The Jewish nation is a people of faith and, as part of our unique combination of peoplehood and religion, must grapple with defining heresy. Jewish life has a basic, structured framework, but, within that, lies a great deal of latitude for individuality. So what makes one a “heretic”?
“A person should drink on Purim up to the point where they cannot tell the difference between ‘Blessed is Mordechai’ and ‘Cursed is Haman’” (Megilla 7a).
Oy vey, from gentiles to Jewish mothers, we all see JDating a bit differently! While we know most of these images are meshugenah, here’s a funny look at how those around us may see the world of JDating! Share it and have a good laugh!
“Go, gather together all the Jews that are present in Shushan, and fast for me, and neither eat nor drink three days, night or day; I and my maidens will also fast in like manner; and so will I go into the king, which is not according to the law; and if I perish, I perish” (Esther 4:16). So responded Esther to her uncle Mordechai when he requested that she present herself, unbidden, before King Achashverosh.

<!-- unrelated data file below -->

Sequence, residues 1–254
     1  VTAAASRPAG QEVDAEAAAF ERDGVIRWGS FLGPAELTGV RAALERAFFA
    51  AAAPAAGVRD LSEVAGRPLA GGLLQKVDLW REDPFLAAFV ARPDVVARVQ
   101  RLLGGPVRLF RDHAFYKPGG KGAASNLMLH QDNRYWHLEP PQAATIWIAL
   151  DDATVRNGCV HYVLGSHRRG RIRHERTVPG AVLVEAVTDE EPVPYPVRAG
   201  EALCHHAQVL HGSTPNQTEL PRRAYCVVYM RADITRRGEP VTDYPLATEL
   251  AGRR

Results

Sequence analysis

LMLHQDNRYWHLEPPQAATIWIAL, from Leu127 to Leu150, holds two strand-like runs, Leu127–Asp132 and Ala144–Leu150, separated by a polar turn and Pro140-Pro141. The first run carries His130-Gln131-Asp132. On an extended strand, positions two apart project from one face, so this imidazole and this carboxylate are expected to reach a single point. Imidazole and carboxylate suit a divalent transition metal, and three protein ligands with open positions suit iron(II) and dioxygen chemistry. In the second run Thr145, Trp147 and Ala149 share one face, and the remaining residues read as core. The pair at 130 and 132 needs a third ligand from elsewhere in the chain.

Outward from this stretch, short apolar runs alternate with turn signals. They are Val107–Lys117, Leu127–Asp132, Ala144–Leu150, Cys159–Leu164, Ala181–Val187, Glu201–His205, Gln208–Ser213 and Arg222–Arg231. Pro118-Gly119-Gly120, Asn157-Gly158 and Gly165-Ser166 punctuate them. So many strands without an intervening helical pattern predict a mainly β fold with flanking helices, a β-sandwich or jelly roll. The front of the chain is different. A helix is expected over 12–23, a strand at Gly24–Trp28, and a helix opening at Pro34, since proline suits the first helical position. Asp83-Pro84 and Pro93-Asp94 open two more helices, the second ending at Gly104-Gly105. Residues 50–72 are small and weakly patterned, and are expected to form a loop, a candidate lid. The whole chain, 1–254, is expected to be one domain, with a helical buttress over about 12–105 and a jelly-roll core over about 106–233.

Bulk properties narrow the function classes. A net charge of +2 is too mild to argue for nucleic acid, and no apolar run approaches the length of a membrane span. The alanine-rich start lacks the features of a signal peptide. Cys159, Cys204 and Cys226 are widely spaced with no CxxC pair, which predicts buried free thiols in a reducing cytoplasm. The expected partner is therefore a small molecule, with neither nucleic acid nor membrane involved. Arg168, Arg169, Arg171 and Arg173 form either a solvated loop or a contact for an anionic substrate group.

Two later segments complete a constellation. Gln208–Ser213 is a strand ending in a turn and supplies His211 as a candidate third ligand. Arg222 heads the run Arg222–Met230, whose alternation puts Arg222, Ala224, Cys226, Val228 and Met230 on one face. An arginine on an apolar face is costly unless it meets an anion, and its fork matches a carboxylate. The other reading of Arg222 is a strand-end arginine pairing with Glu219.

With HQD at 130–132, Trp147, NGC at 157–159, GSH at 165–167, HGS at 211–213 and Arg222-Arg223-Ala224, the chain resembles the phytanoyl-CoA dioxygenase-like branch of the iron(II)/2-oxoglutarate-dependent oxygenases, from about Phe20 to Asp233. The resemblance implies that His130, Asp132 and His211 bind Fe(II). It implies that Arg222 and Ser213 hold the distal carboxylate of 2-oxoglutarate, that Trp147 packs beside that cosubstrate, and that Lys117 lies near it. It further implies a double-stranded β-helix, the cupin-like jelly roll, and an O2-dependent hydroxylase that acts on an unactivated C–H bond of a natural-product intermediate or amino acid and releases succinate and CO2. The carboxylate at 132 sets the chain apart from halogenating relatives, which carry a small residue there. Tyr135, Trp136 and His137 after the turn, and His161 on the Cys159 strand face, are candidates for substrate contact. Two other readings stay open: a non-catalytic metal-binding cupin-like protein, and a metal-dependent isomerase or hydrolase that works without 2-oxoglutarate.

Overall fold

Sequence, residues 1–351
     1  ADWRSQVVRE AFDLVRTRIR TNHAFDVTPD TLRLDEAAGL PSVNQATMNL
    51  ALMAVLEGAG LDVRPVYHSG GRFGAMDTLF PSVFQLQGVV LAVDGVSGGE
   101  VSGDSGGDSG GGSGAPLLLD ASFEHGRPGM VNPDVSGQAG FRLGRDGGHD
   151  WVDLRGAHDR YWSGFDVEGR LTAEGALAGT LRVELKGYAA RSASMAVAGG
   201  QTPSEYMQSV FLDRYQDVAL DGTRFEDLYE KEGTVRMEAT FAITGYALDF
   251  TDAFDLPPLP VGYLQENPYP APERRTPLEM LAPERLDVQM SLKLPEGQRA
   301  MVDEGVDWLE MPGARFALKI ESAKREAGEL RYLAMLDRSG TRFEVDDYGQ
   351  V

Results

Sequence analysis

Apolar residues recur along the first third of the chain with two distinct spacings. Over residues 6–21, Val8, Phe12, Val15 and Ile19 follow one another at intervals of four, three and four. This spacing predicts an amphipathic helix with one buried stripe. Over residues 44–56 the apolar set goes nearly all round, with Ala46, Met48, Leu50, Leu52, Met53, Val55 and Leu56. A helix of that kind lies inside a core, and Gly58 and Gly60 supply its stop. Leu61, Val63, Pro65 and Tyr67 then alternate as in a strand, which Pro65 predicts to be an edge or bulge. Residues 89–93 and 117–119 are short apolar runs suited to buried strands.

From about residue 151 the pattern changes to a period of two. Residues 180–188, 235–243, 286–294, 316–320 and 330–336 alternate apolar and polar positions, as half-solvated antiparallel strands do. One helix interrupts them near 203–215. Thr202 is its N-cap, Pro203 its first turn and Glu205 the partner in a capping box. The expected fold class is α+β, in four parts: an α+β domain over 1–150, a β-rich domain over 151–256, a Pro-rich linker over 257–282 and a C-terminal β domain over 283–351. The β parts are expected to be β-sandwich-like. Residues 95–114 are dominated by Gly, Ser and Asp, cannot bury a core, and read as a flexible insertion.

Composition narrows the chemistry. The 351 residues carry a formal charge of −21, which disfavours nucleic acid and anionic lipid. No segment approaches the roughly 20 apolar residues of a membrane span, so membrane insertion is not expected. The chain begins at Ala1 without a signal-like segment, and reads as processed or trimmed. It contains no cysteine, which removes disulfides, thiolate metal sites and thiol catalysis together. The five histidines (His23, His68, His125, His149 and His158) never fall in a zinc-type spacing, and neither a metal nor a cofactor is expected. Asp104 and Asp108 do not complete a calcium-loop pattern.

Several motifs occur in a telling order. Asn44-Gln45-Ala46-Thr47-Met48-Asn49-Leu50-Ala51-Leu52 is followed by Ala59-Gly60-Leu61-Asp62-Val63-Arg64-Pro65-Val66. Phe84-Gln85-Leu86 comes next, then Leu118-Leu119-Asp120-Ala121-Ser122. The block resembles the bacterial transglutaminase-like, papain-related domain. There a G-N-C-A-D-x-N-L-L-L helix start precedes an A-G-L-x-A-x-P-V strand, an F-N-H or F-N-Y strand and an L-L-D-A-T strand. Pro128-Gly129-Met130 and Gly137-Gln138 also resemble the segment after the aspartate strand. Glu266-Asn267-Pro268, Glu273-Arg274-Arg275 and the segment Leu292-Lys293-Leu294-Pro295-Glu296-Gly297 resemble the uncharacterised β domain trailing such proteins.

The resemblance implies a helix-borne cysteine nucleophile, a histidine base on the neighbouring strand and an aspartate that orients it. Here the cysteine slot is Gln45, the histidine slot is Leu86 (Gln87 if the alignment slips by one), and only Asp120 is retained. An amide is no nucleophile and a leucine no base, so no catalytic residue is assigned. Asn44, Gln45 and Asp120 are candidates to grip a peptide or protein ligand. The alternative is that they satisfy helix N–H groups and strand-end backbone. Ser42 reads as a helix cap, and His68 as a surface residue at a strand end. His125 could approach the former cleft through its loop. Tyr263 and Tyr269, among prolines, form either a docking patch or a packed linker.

Purim is celebrated on Thursday, March 8th (beginning Wednesday evening, March 7th, after sunset). Four mitzvot are associated with the holiday:
“And the maiden [Esther] pleased him, and she obtained kindness of him; and he speedily provided her with her ointments, along with her appointed rations, and with the seven maids, which were designated to be given to her out of the king’s house…” (Esther 2:9).
This Shabbat is Shabbat Parashat Zachor, the Sabbath of Remembering.
There is an unusual statement in the Talmud (Berachot 44b) about the therapeutic value of particular foods: “Six things provide a permanent cure for illness: cabbage, beets, an extract of sisin, the stomach of an animal, the womb of an animal and the large lobe of the liver of an animal.”
One might think that the Book of Esther is a heroic tale about Mordechai and Esther saving the Jewish people through diplomatic skill, after all God is not mentioned once in the entire text. Looking deeper, however, one is struck by the overwhelming number of “coincidences” of the right people being in the right places at the right times. To follow one such line of “coincidences”:
It is customary that after the Shabbat candles are lit, both hands are waved towards the face (symbolically drawing in the light of the candles and the sanctity of Shabbat) and the eyes are covered. The blessing is recited with the eyes still covered. Why?